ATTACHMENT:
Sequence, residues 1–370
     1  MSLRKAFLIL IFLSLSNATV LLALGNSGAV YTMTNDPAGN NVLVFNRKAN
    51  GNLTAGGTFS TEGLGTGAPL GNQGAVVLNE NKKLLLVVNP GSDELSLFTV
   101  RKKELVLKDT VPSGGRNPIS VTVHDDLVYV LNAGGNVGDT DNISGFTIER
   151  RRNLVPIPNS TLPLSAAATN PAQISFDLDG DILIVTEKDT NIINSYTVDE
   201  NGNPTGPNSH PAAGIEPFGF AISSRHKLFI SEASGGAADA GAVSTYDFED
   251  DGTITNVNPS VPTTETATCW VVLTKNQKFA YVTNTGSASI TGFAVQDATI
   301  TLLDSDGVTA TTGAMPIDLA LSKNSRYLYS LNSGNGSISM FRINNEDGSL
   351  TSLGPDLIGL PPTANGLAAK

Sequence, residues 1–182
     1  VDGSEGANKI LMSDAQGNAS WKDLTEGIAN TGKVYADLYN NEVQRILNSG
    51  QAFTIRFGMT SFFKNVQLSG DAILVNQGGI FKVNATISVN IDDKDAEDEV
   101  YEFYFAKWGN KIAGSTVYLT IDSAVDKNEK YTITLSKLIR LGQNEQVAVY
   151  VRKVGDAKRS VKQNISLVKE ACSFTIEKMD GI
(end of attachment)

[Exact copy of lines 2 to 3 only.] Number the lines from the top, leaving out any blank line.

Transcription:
     1  MSLRKAFLIL IFLSLSNATV LLALGNSGAV YTMTNDPAGN NVLVFNRKAN
    51  GNLTAGGTFS TEGLGTGAPL GNQGAVVLNE NKKLLLVVNP GSDELSLFTV